Being a huge advocate of motorcycle safety and the issues every motorcycle rider faces while riding, I knew sooner or later technology would step in and help out. And with the percentage of accidents caused by distracted driving increasing, it can never be soon enough for this technology.
Autotalks, located in Israel, has developed technology that allows vehicles to talk or communicate with one another. Known as V2V technology (vehicle-to-vehicle), even the U.S. Department of Transportation and the U.S. National Highway Transportation Safety Administration is considering making V2V technology mandatory for all new vehicles by 2023.
Now, Autotalks is focusing on B2V, known as bike to vehicle technology. B2V technology has already been installed on Ducati motorcycles, thanks to software technology from Cohda Wireless. It is believed that with this B2V technology, motorcycle accidents could be reduced by as much as one-third in Germany according to their recent press release. Think about that for one second. That means for every one hundred motorcycle accidents, thirty-three of them could be avoided by this technology.
What’s even better, the innovative technology is small and light-weight, can withstand a wide range of temperatures, and most importantly, inexpensive. That is a key because I am the first one to criticize bikers that spent thirty-thousand dollars on a new Harley Davidson motorcycle, but then buy the cheapest motorcycle helmet they can find.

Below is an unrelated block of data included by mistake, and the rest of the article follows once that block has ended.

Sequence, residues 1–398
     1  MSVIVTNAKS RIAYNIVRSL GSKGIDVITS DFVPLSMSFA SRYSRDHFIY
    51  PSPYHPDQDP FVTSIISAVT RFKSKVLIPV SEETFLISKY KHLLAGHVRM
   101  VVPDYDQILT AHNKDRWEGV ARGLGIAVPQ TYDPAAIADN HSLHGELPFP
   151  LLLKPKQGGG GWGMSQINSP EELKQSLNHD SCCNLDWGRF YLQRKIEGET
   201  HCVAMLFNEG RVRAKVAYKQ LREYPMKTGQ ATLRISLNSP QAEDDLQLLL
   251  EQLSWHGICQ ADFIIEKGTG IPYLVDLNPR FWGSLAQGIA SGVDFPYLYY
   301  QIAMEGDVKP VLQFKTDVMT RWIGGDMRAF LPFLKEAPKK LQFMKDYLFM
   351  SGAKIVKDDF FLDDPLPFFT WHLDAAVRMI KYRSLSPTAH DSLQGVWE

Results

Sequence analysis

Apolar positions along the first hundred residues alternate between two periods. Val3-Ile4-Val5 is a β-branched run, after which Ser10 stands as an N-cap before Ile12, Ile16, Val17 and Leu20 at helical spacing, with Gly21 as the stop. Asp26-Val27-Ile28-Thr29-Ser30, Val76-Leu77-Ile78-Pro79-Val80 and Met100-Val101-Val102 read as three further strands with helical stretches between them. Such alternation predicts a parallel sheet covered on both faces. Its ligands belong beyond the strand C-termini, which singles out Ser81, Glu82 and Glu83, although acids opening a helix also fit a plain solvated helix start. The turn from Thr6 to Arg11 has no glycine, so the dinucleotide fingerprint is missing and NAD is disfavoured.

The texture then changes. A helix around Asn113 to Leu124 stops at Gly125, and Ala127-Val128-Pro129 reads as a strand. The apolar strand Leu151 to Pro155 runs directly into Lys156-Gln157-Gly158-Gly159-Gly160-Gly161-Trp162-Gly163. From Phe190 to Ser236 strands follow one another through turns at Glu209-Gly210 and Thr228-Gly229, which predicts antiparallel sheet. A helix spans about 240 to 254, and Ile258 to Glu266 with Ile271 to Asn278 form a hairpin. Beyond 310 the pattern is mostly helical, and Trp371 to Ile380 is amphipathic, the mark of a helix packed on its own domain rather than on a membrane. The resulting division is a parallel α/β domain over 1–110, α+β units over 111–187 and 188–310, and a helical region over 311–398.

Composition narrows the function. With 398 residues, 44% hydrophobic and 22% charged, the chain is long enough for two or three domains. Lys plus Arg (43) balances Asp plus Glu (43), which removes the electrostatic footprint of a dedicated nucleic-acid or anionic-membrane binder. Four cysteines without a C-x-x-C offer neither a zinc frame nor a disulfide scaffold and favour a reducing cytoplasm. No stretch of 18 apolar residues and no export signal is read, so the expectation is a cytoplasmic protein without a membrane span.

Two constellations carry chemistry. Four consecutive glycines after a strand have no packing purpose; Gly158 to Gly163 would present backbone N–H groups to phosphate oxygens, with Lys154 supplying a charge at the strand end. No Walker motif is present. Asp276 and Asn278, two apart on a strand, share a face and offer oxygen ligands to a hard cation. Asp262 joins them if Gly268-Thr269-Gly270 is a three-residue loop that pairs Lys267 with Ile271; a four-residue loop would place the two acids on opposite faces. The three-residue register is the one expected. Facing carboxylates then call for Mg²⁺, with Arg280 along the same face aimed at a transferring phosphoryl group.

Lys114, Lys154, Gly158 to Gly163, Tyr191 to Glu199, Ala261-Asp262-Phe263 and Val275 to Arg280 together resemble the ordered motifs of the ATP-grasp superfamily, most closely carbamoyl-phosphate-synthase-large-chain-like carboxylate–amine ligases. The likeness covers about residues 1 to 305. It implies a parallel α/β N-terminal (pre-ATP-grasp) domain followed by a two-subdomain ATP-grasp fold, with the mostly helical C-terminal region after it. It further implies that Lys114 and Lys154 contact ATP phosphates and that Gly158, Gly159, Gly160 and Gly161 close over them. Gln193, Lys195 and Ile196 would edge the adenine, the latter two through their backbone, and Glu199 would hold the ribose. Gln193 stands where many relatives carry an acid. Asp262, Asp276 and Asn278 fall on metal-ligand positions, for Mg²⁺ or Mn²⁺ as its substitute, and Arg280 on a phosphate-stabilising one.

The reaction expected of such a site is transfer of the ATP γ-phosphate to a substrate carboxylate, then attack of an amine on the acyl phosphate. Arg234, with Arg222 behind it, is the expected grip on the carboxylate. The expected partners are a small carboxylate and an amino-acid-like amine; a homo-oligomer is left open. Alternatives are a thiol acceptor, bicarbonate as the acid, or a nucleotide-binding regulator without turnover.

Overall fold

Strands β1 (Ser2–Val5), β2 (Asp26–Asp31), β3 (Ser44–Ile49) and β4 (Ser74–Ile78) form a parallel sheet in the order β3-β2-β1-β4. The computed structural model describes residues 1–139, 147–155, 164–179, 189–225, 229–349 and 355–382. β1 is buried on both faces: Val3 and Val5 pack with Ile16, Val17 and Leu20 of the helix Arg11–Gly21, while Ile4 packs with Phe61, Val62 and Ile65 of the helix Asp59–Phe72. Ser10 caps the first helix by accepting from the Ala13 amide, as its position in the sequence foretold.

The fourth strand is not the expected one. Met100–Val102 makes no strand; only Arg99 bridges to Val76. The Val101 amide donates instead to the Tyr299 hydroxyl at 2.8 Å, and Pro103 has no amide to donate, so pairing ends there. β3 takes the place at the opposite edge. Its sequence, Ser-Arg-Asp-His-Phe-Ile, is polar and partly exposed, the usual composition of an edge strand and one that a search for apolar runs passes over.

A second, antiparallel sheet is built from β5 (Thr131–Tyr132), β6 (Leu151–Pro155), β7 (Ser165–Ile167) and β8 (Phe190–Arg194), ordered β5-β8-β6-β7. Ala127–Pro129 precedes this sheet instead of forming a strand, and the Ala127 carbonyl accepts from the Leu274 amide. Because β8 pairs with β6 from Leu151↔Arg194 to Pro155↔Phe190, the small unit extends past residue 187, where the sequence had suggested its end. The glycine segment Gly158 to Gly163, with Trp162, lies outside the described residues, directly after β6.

The way the technology works is simple enough- sudden changes in traffic patterns, for example, a nearby car accelerating or decelerating fast, will alert the rider with either a visible or audio cue. I imagine it will be similar to a HUD helmet (Heads-Up Display) motorcycle helmet.
Besides the obvious benefit of such technology, think of the long-term economic benefits as well. It’s common for motorcycle riders to never have sufficient insurance especially when it is not even required in some states like Florida. While motorcycle insurance in Florida is inexpensive, if you have health insurance, there is no state law requiring motorcycle insurance. Combine that with car owners having minimal car insurance coverage, and more likely than not, the motorcycle rider ends up filing for bankruptcy.